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Microsoft suspended Facebook and Instagram advertising but is not a part of the global boycott

Adam Smith
Attendees walk past the logo of US multinational technology company Microsoft during the Web Summit in Lisbon on November 6, 2019: PATRICIA DE MELO MOREIRA/AFP /AFP via Getty Images

Microsoft suspended its US advertising campaigns on both Facebook and its subsidiary Instagram in May, and has expanded that to a global ban.

"Based on concerns we had back in May we suspended all media spending on Facebook/Instagram in the US and we’ve subsequently suspended all spending on Facebook/Instagram worldwide," Microsoft CMO Chris Capossela told an employee via an internal Yammer post, according to a report from Axios.

Yammer is an enterprise social networking service developed by Microsoft.

It was not specified what content Microsoft objected to, but cited examples of “hate speech, pornography, terrorist content, etc.”

“The timeline on resuming our media spending is dependent on the positive actions they take, but I expect our pause will continue through August,” Capossela also reportedly said.

Microsoft has apparently been in contact with both social media platforms about what would be required for the software giant to return as an advertiser.

“Our experience tells us that the most impactful means to effect genuine, long-term change is through direct dialogue and meaningful action with our media partners, including the suspension of real marketing dollars,” Capossela wrote, according to Axios.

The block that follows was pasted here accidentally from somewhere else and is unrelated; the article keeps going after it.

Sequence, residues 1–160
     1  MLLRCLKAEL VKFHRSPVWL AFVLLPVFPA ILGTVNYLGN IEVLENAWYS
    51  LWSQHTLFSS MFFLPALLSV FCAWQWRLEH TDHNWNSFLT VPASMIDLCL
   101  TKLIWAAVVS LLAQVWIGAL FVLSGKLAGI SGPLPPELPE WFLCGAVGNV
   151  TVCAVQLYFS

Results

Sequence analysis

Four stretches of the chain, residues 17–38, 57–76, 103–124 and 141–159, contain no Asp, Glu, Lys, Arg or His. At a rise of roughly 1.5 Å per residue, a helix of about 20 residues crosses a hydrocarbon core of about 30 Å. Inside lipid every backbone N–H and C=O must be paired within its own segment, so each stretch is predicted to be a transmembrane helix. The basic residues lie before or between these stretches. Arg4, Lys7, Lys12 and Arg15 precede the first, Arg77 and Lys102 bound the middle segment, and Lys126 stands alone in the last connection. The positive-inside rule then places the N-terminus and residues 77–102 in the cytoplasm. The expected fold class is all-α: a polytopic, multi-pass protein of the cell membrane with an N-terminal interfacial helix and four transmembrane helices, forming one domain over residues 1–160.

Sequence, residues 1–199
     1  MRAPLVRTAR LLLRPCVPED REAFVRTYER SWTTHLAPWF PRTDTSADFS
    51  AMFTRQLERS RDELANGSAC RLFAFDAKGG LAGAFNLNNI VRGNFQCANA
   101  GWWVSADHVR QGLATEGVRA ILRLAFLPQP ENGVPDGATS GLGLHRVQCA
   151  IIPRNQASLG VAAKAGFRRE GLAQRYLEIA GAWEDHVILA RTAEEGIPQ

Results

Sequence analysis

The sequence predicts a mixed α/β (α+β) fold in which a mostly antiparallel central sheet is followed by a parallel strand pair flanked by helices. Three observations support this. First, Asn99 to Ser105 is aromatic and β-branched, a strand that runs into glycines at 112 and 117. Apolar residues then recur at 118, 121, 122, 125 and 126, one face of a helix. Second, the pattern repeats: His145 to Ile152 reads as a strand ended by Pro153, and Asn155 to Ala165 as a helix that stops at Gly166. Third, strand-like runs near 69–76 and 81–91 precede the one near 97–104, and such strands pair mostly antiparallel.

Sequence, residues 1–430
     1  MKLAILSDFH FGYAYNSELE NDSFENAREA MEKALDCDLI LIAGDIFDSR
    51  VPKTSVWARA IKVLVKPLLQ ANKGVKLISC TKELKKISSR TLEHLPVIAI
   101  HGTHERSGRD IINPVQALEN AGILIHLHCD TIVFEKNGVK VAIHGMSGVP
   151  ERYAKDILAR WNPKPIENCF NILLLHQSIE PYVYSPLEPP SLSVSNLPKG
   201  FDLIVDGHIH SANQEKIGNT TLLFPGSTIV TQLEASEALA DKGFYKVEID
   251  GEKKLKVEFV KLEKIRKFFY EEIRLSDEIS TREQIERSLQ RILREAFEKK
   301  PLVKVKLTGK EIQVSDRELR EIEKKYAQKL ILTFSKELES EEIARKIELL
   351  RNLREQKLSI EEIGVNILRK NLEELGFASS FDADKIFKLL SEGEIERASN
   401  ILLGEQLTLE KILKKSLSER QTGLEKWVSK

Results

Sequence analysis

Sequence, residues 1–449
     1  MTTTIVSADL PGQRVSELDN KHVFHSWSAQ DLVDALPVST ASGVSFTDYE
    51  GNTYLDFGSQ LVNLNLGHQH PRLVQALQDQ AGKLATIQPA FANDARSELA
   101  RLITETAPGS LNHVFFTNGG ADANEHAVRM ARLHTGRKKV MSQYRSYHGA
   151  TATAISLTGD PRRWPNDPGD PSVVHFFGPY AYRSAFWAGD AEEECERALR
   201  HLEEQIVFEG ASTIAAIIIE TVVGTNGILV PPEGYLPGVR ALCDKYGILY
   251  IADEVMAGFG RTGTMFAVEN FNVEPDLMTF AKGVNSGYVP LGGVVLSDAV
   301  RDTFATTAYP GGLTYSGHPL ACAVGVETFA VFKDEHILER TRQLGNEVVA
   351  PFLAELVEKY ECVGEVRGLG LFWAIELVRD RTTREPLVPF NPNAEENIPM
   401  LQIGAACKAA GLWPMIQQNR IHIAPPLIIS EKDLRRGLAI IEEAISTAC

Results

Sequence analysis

“We’ve also learned from experience that it doesn’t help our customers, our media partners, or Microsoft to publicize our media spend strategy, but to instead work directly with partners on positive change.”

The news comes as many advertisers are boycotting the social media company over claimed profiteering from “hate, bigotry, racism, antisemitism and violence.

However, Microsoft is seemingly not taking a stand against harmful content on Facebook’s platform, but rather does not want its brand advertised next to such content, Axios says.

The Independent has reached out to Microsoft for comment.

The software company, like many others, has been called upon by its employees to make a statement about the Black Lives Matter movement.

Some 250 Microsoft employees have signed a letter addressed to the company’s executives, CEO Satya Nadella and executive vice president Kurt DelBene, asking them to cancel Microsoft contracts with the Seattle Police Department and other law enforcement organisations and condemn the use of tear gas, rubber bullets, and flashbangs on peaceful protestors.

Google’s employees have taken similar action, with over 1600 employees signing a letter stating that they are “disappointed to know that Google is still selling to police forces, and advertises its connection with police forces as somehow progressive”.

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